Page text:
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Effect of Mature Colony Density on Colonization and Initial Colony Survivorship in Atta capiguara, a Leaf-Cutting Ant

H. G. Fowler, S. W. Robinson and J. Diehl
Biotropica
Vol. 16, No. 1 (Mar., 1984), pp. 51-54
DOI: 10.2307/2387894
Stable URL: http://www.jstor.org/stable/2387894
Page Count: 4
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Since scans are not currently available to screen readers, please contact JSTOR User Support for access. We'll provide a PDF copy for your screen reader.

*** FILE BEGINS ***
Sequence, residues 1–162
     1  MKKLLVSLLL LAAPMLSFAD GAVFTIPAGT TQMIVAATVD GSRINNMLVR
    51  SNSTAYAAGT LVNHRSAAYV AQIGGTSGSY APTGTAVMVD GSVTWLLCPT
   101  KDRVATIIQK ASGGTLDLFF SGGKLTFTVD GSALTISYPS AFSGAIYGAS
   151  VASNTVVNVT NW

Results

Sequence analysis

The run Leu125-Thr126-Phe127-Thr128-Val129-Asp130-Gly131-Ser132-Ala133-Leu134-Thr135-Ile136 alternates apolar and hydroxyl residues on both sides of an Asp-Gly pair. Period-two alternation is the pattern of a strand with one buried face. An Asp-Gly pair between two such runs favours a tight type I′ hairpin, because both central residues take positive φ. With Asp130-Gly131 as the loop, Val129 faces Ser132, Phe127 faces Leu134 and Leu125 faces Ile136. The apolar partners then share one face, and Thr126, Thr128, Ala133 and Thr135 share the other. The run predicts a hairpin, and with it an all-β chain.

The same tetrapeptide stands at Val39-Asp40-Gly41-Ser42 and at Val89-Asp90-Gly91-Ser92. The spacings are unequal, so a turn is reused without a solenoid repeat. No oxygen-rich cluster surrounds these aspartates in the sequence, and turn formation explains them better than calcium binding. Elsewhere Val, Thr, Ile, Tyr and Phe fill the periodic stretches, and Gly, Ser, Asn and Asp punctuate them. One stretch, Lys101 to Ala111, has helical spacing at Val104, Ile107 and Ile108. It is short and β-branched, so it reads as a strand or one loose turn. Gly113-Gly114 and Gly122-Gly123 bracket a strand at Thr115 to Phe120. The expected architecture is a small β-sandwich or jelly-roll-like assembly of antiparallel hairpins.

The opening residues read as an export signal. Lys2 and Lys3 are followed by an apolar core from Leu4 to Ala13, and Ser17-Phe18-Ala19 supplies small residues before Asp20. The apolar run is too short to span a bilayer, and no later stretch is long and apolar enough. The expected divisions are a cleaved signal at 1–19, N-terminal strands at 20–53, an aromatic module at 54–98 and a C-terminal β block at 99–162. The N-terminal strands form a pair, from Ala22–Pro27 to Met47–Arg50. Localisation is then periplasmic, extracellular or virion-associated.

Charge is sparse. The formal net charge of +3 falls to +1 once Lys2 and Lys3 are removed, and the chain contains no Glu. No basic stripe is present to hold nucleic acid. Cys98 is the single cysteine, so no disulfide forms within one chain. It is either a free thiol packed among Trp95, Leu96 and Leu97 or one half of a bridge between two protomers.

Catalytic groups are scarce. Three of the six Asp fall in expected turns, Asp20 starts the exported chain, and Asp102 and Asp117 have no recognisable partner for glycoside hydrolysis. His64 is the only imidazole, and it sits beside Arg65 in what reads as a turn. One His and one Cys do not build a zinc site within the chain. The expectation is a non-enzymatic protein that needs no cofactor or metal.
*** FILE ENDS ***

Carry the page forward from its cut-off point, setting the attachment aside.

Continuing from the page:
Effect of Mature Colony Density on Colonization and Initial Colony Survivorship in Atta capiguara, a Leaf-Cutting Ant
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Abstract

Founding queens of the leaf-cutting ant Atta capiguara colonized fields at a rate directly proportional to the standing biomass of Atta colonies, which was estimated by the amount of soil excavated by ants. The percentage of queens that were successful in their initial colony foundation attempts (i.e., that successfully excavated and sealed their embryo nest) was inversely proportional to the standing Atta colony biomass. Elimination of mature Atta colonies by poison baits led to a higher success rate during initial colony founding than found in control plots with mature Atta colonies.

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